And yet, when people start yammering on about “America getting back to being a Christian nation” once again (assuming for a moment that it ever was), they are usually talking about categories of righteousness/rightness. They are usually talking about who ought be in and who ought be out. They may even be talking about foreigners and foreign religions. They are seldom talking about a God that is merciful to all.
One may recall Portia’s soliloquy from “The Merchant of Venice”.
The quality of mercy is not strained;
It droppeth as the gentle rain from heaven
Upon the place beneath. It is twice blest;
It blesseth him that gives and him that takes:
‘T is mightiest in the mightiest; it becomes
The throned monarch better than his crown:
His sceptre shows the force of temporal power,
The attribute to awe and majesty,
Wherein doth sit the dread and fear of kings;
But mercy is above this sceptred sway;
It is enthronèd in the hearts of kings,
It is an attribute to God himself;
And earthly power doth then show likest God’s
When mercy seasons justice. Therefore, Jew,
Though justice be thy plea, consider this,
That, in the course of justice, none of us
Should see salvation: we do pray for mercy;
And that same prayer doth teach us all to render
The deeds of mercy.
One may also recall a line from the hymn “Lead On, O King Eternal“:
For not with swords loud clashing,
nor roll of stirring drums;
with deeds of love and mercy
the heavenly kingdom comes.
I’m sometimes a bit bemused by artistic renderings of Biblical stories; and one of the more bemusing is by Sebastiano Ricci, where the woman has one breast seductively exposed and is holding her little dog in her arms. I’m sure it says more about Ricci than about the encounter of Jesus with the Canaanite woman.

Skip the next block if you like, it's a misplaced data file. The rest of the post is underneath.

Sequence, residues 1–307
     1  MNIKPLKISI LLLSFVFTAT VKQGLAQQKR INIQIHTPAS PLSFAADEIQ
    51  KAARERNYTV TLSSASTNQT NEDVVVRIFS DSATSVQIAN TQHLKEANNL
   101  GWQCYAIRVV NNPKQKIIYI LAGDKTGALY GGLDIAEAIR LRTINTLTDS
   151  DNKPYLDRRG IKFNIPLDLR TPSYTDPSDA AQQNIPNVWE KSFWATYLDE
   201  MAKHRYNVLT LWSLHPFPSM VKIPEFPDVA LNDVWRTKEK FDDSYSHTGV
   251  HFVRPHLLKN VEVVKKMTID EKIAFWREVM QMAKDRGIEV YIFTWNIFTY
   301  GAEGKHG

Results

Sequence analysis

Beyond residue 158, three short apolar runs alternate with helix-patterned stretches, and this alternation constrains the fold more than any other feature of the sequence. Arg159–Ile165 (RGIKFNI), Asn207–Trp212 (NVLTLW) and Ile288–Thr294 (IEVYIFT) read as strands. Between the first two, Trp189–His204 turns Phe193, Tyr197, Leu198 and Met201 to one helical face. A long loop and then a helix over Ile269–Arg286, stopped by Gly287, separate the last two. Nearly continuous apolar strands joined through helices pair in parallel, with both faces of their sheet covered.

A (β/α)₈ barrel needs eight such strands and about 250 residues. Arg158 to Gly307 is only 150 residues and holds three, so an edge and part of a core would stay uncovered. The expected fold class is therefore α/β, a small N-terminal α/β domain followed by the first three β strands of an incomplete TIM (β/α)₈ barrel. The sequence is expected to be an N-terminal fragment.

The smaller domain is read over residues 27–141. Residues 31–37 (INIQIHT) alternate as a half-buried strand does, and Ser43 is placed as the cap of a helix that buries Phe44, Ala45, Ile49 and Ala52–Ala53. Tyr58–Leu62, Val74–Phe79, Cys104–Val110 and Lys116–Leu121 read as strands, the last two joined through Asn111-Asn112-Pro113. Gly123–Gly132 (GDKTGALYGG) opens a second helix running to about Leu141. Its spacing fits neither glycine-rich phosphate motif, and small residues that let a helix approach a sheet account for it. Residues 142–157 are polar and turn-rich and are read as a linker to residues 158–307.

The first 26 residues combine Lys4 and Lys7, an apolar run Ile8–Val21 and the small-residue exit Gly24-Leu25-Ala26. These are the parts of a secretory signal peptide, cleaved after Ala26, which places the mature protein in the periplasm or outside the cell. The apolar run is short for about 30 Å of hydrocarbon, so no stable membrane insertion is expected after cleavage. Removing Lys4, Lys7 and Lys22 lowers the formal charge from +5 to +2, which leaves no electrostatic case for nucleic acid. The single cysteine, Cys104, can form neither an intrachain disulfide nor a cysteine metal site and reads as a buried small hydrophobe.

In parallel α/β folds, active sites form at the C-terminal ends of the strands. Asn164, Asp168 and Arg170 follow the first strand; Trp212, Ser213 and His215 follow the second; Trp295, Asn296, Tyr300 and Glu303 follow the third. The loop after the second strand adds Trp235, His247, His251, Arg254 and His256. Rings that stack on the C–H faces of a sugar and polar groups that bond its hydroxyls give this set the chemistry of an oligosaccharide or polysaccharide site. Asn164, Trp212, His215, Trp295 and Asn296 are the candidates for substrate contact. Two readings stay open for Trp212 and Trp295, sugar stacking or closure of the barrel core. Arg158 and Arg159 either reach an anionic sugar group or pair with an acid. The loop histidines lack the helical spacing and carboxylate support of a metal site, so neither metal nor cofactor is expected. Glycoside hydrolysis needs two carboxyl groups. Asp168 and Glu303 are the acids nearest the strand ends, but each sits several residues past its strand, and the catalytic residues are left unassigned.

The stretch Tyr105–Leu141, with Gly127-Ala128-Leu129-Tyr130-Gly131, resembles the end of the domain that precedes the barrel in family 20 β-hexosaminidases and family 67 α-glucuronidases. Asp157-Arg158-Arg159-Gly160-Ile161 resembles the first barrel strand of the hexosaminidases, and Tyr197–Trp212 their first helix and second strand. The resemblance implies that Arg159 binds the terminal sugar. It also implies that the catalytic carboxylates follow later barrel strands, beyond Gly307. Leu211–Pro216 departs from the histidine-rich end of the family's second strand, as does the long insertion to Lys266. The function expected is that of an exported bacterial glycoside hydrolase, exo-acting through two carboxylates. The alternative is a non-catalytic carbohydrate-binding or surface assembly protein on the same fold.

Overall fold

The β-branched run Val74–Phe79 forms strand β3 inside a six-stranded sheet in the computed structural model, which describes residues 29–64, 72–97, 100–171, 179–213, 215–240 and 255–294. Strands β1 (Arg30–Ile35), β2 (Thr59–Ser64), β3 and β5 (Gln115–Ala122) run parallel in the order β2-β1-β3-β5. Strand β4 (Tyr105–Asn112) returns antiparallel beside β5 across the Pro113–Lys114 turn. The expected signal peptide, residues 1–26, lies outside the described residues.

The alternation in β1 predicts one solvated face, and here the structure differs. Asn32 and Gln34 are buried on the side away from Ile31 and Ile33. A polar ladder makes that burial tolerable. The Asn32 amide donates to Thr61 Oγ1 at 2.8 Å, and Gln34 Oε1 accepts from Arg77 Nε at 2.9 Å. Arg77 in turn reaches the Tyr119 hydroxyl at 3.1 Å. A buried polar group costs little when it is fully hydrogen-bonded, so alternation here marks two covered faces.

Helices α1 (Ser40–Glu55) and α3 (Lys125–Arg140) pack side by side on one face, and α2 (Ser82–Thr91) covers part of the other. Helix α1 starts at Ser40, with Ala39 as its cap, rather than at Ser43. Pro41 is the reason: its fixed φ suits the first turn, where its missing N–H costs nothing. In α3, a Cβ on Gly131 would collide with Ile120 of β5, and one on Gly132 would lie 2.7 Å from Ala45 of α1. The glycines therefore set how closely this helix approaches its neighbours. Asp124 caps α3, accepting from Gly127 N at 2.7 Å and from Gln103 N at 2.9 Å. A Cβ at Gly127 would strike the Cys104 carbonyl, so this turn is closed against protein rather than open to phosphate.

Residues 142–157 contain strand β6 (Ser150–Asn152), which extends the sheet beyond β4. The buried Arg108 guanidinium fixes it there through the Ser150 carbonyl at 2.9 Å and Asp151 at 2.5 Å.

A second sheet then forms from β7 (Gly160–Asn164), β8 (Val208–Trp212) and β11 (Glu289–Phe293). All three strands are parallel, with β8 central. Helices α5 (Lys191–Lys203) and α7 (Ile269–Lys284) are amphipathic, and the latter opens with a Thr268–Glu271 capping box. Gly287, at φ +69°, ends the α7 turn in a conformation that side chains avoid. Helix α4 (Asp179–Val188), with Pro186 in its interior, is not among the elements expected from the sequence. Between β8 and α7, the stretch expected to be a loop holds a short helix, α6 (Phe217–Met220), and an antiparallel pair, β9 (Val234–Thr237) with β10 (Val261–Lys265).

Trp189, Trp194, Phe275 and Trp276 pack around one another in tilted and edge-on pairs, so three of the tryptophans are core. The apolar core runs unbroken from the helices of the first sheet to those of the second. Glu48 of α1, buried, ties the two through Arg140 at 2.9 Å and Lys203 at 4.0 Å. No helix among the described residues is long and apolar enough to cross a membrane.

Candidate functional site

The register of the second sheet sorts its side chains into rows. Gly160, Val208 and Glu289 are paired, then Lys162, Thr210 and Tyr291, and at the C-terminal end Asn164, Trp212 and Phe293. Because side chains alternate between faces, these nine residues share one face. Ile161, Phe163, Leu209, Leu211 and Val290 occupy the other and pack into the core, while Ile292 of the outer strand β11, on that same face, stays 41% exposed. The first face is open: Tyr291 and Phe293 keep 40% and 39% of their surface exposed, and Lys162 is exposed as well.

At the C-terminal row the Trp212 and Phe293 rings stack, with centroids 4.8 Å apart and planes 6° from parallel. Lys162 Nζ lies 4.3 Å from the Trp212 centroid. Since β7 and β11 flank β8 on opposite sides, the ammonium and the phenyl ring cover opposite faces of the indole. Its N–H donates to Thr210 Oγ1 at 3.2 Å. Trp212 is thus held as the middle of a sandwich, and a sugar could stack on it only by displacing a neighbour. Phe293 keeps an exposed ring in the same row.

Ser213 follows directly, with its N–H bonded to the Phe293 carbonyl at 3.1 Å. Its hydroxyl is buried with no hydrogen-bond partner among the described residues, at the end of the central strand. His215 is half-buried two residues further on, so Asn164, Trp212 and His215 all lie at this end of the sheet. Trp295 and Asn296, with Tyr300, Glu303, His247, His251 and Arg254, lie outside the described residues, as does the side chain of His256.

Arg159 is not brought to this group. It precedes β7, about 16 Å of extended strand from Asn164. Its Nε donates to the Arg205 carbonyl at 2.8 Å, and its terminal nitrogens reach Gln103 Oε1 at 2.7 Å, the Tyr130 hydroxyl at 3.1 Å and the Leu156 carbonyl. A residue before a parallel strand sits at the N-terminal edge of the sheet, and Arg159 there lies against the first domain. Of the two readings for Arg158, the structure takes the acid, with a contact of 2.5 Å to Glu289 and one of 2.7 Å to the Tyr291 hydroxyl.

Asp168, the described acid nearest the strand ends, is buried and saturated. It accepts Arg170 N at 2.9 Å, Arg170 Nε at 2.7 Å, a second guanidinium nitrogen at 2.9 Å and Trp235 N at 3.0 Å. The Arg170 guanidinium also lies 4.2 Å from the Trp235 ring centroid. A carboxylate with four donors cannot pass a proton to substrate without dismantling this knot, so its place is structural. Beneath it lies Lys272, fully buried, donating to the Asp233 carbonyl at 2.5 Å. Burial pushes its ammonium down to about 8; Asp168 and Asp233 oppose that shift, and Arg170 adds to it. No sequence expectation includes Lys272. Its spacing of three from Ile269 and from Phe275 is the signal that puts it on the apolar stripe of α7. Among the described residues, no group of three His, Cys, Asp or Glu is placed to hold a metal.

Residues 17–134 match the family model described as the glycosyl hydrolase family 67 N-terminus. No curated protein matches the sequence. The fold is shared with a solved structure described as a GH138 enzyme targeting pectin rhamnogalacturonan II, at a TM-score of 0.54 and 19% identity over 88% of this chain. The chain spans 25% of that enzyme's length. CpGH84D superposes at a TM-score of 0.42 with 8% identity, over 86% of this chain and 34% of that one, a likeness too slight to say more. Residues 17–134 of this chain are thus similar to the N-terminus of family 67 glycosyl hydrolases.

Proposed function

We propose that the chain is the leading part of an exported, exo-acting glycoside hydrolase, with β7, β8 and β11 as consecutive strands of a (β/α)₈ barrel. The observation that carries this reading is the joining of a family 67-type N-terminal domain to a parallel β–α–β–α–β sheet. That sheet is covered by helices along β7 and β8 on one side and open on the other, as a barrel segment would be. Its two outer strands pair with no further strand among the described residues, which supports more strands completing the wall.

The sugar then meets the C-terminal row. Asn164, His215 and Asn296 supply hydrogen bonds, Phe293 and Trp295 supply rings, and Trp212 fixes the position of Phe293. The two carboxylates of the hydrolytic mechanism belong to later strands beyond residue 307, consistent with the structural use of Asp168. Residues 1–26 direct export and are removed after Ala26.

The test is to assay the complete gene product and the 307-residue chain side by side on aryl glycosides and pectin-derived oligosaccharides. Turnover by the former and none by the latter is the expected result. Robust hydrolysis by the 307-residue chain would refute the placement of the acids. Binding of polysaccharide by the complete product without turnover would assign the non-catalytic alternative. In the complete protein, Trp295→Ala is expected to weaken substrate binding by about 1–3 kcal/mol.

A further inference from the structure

I do think it’s important to read verses 10-28 as the appointed text and not just verses 21-28. I think that verses 10-20 set up the story of the encounter. The encounter with the Canaanite woman “acts out” exactly what is “spelled out” in Jesus’ encounter with the scribes and Pharisees.
Righteousness or cleanliness is not about “outside-in”; it’s about “inside-out”; and that’s what gets recognized and approved in Jesus granting her request. Her status as a Gentile counts for nothing. What’s critical is her faith in Jesus. It’s all inside-out.
Some other thoughts……
The word “fair” in verse 27, “it is not fair to take the children’s food,” is a horrible translation. The King James Version got closest when it translated kalon as “meet”. “For it is not meet to take the children’s bread and throw it to the dogs.” But then, what does it mean?
Consider the movie “The Autobiography of Ms. Jean Pittman”. It’s the story of an African-American woman, born into slavery, who lives to be about 100. In the closing scene, and with everyone watching (including the local sheriff), she does the one thing she has to do before she dies: slow and stopped with age, she makes her way up the sidewalk to the courthouse and drinks from the fountain marked “White”. Whether what she did was “meet” or not would depend upon whom you asked.
Or, remember “Driving Miss Daisy”? That’s the story of an aging white woman who cannot drive and so she has a black man – a long time “friend” of the family – as her chauffer. The movie is a study of how in some ways they got very close over the years; and yet, in some ways they always had to keep their emotional distance. It simply would not have been “meet”.
When I was a Bible camp counselor my college summers, we had some counselors of staff that were from Kingville and San Angelo. After camp was over one summer a few of the Minnesota counselors went south for a week to stay with their southern friends and get a taste of Texas. Now realize that I’m talking 1969 or 1970 here. Anyway after one day at the home of Colonel George and his wife in San Angelo, Jennifer had to pull her Minnesota friends aside and tell them that, if they wanted to make a good impression, they had better start using “Mame” or “Sir” when they addressed an adult. Their speech wasn’t “meet”.
Wear a bathing suit at Stewart Beach and no one would think twice. Wear one in to church on Sunday morning and people would be more than a little uncomfortable. Same garment, on the beach it’s “meet”; in church it’s not.
So, you have the sense. “Meet” as an adjective means: proper or acceptable. Or to use a good Southernism: “fittin’,” as in: “It ain’t kalos!” – “It ain’t fittin’.”